The Western Conference is a laughingstock this year, once you get past the first few teams in each of the two respective divisions.
If it seems like the Wild Card race is just bananas for the teams clamoring for the two sports, that’s because it is. According to The Athletic’s Tyler Dellow, the two Wild Card spots are on pace to be the worst-performing Wild Card teams in recent memory; neither of the two spots are currently on pace to put up even 90 points, and there are six teams all clamoring for the pair of positions without much in the way of a standout franchise so far.
The Avalanche started off on top, putting up a high-flying opening act to their season to soar to the top of the Central Division. They’ve lost 11 of their last 14, though, and now sit in a precarious position in the heavily-fought battle — ironically, against another team knee-deep in the thick of things:
The Western Conference Wild Card race is just absolutely stupid. All of these teams play tomorrow, too. pic.twitter.com/V9xLfMRVjN— Catherine Silverman (@catmsilverman) January 23, 2019
The Wild are currently two spots above the Avalanche but just one point ahead, sitting third in the Central through an identical 49 games. One of the rare Western Conference teams that’s actually been able to string together a few successful games in January, they were miserable for a stretch before finally getting their act together to put together a 6-4-0 record in their last 10.
If Colorado wins, they’ll force Minnesota to drop to the first of the two Wild Card spots — but if Minnesota wins, they’ll pull even farther ahead in the Central race just ahead of the All Star break. And if one of Vancouver, Anaheim, or Arizona take home a win in a Colorado loss, the Avalanche will drop out of their playoff spot altogether.
It’s a four-point game for sure — but in this instance, it feels more like a showdown in the Wild, Wild Western Conference.
Gabriel Landeskog - Nathan MacKinnon - Mikko Rantanen
Colin Wilson - Carl Soderberg - J.T. Compher
Matt Calvert - Alexander Kerfoot - Sven Andrighetto
Gabriel Bourque - Sheldon Dries - Matt Nieto
Samuel Girard - Ian Cole
Nikita Zadorov - Tyson Barrie
Patrik Nemeth - Ryan Graves
Ryan Graves is back up, hoping to move the needle a bit in the bottom pairing while the defensive corps tries to survive without Erik Johnson.
Johnson skated with Timmins this morning, and although he wasn’t in a no-contact jersey he’s not ready to return from injury just yet. Given that the team’s goaltending has been lacklustre lately, they’ll likely need an all-world performance from their blue line even without Johnson in order to keep the score low.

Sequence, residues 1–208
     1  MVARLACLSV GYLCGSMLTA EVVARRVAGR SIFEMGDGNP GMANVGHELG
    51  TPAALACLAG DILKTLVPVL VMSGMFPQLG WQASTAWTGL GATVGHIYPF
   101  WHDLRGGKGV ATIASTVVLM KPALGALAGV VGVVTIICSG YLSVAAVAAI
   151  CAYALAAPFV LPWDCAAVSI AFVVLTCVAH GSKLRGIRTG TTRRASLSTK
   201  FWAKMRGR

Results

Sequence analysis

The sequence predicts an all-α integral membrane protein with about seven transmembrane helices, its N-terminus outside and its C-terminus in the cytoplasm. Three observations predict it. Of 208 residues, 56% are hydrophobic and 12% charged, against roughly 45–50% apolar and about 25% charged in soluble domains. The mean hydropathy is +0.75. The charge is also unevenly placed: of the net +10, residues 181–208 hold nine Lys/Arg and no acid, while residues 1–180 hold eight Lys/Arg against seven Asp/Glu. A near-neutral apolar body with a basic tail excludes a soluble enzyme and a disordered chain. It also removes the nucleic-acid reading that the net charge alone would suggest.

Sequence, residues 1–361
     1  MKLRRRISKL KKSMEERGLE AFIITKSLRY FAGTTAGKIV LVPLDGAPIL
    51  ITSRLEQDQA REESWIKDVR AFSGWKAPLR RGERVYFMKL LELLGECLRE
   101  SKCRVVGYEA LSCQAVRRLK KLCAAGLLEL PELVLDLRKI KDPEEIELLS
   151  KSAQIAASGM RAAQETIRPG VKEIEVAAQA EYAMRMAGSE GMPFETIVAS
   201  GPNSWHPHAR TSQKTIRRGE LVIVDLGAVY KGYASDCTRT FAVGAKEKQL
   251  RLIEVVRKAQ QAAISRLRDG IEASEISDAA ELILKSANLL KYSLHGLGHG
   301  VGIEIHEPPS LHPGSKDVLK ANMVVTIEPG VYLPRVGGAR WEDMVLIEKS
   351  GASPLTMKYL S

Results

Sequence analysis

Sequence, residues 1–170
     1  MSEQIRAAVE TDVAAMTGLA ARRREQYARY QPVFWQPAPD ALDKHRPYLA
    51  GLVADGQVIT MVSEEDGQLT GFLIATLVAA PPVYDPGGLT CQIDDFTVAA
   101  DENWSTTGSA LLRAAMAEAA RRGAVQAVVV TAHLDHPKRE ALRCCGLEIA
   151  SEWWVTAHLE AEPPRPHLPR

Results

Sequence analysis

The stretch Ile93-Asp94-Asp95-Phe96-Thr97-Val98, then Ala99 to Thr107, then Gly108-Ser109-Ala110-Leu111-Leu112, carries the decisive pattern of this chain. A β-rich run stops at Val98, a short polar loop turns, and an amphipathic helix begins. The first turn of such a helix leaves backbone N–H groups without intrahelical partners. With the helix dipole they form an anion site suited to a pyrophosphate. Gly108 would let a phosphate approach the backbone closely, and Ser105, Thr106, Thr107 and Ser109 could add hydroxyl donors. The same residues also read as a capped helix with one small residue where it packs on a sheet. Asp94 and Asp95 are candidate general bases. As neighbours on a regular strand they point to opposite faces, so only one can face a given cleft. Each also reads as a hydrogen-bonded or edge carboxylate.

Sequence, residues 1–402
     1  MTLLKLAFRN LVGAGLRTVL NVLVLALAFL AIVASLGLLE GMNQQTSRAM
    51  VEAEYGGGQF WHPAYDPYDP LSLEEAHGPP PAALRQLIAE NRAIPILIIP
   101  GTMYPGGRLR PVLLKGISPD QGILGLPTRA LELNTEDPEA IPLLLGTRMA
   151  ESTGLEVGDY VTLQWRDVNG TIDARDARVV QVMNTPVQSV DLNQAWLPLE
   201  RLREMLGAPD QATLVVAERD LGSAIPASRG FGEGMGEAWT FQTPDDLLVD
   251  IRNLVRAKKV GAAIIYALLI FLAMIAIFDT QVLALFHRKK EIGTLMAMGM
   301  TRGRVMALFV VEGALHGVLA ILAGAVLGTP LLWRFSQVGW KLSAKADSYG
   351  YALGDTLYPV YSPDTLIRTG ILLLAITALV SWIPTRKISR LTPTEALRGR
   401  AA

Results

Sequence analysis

Now more than ever, the league is looking to see if anyone on Colorado outside of their top line can consistently produce. Although the top trio are headed to the All Star Game together, the fact that they’re dangerously close to entering the break on the outside of the playoff window is something they should be worried about.
Jordan Greenway - Eric Staal - Charlie Coyle
Jason Zucker - Mikko Koivu - Mikael Granlund
Zach Parise - Victor Rask - Pontus Aberg
Marcus Foligno - Joel Eriksson-Ek - Luke Kunin
Ryan Suter - Jared Spurgeon
Jonas Brodin - Greg Pateryn
Brad Hunt - Nick Seeler
The Wild have been doing everything they can to move the needle and keep themselves in the playoff race, although their most recent moves have been less than awe-inspiring. They swapped Nino Niederreiter — who had two goals in the first period of his second game for Carolina alone — for Victor Rask, and then added Brad Hunt to shore up a defensive corps that’s badly limping along without an injured Matt Dumba.
They’ll be taking it easy on Hunt, giving their defensive corps some weirdness, by the way:
Like they did with Belpedio, Brodin and Pateryn with play defensive-zone draw shifts, Hunt and Brodin offensive-zone draw shifts #mnwild— Michael Russo (@RussoHockey) January 23, 2019
Hunt, who can absolutely hammer the puck, will play PP point
It hasn’t even been a full month since Jared Bednar proposed that he was going to stop announcing his starter ahead of the game, so clearly the tactic wasn’t moving the needle like he’d hoped it would (not altogether surprising, all things considered). He confirmed before the game that Philipp Grubauer will get the nod, hoping to bring the beleaguered backup’s numbers up from their current place near the bottom of the league’s goaltenders. His .895 save percentage in all situations is better than just six guys with 15 or more starts, while he has the 12th-worst cumulative Goals Saved Above Average among 69 goaltenders with qualifying starts.
On the other side of the ice, Devan Dubnyk will bring a mercurial season’s performance to the net, hoping to display his Vezina talents instead of his ‘former waivers’ talents. He has a .913 save percentage on the year and has 23 quality starts, but he’s also played in 40 games already — meaning that he’s been just average or worse in nearly half of his games. He also has eight Really Bad Starts (games with an .855 save percentage or worse), which put him tied for second in the NHL. That’s the kind of inconsistency that worries fans, although it may be Colorado’s gain.